# NavList:

## A Community Devoted to the Preservation and Practice of Celestial Navigation and Other Methods of Traditional Wayfinding

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From: Jeremy C
Date: 2010 May 7, 20:29 EDT
If I were navigating using traditional methods (ie no electronic fixes) in  the deep ocean with celestial, any LOP over 3 hours old would be used sparingly and with the full understanding that it is a fairly low confidence LOP and resulting running fix.  On a nice day, i would take hourly sunline fixes crossed with the moon if available to keep track but I probably wouldn't adjust course for any sunline running fixes.  Full confidence fixes would be reserved for twilight star fixes and only then would I change course.

The reasons for this mentality is that I have no objective method to determine course and speed over ground over short spans of time.  The best I have is heading from a compass and speed through the water from a Log.  Given my observations between the data provided by my gyro compass and log, I have seen large variations between these inputs and fix data and can find myself several miles off of the track line in a 4-hour watch. (for example I've seen leeway as much as 10 degrees in mid ocean). I have also noted that charted areas of current are often inaccurate and only general set and drift corrections can be applied.  For Byron's sake,  I will mention that we calculate gyro error often so that is accounted for as well.

Before we can get too particular in mathematical methodology to advance LOP's, we have to understand the limits in precision of the math often far exceed the accuracy of our base assumptions. GIGO is the name of the game here.

Jeremy

In a message dated 5/5/2010 11:21:39 A.M. Bangladesh Standard Time, pmh099@yahoo.com writes:
If I had to do a rigorous (assuming spherical Earth but otherwise exact) advancement of a celestial LOP, this is what comes to my mind:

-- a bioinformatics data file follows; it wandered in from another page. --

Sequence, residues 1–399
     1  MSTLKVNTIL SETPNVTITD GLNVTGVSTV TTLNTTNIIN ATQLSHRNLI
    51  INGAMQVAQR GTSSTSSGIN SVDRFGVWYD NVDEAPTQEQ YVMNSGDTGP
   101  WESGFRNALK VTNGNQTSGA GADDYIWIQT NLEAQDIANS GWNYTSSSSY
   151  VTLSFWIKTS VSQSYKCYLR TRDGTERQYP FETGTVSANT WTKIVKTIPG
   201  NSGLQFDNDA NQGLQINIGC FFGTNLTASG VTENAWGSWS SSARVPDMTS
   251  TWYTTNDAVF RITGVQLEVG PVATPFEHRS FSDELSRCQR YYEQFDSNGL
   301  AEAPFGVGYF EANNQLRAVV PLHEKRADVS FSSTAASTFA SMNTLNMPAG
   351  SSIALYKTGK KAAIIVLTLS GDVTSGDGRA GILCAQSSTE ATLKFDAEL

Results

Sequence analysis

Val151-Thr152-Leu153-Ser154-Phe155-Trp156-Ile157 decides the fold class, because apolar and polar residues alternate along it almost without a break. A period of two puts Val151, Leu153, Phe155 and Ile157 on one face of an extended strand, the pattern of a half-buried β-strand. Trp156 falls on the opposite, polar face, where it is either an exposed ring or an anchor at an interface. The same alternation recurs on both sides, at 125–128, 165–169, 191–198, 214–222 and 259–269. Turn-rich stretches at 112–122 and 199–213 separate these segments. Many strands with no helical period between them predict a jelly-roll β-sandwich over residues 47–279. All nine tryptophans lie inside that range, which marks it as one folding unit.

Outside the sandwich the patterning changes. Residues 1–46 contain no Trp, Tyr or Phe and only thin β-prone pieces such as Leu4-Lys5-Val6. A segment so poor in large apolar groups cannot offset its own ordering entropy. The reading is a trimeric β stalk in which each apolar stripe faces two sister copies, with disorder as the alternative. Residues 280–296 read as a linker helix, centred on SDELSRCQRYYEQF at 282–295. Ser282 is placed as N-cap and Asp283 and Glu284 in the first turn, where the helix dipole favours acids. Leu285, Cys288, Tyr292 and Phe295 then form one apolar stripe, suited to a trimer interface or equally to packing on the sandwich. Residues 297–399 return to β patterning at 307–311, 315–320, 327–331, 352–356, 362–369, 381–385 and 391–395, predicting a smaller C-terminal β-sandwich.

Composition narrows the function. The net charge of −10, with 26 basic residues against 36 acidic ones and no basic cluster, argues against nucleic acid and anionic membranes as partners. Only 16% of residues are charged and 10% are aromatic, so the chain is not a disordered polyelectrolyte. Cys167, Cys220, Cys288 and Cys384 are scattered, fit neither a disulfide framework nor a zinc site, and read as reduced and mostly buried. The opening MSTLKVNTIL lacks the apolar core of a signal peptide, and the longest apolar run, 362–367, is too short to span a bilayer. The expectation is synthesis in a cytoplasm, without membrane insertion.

1) Calculate the original circular LOP, which is a 1-parameter set of points.

2) At each LOP point construct a rhumb line using the appropriate course (track).  Each rhumb line is yet another 1-D parametric curve.  Distance along the curve from the point of origin (on our LOP) would be the most suitable choice of parameter for our purposes.

3) Use the distance traveled to construct the advanced LOP using the rhumb lines of step 2).  Its one parameter (enumerating all its points) would be the same one used in step 1) for the original LOP.

This is really a straightforward, brute-force approach without much finesse.  However, if one wants to be really very rigorous about running fixes, then it should be possible to encode this procedure into a computer and run it with whatever accuracy is desired.

Running fixes are typically only extended over a few hours, during which the vessel covers a distance that is tiny compared Earth's circumference, and remains far away from either Pole.  In that case the standard running fix with (usually) straight LOP sections near an AP should be adequate.

Just my \$0.02.

Peter Hakel

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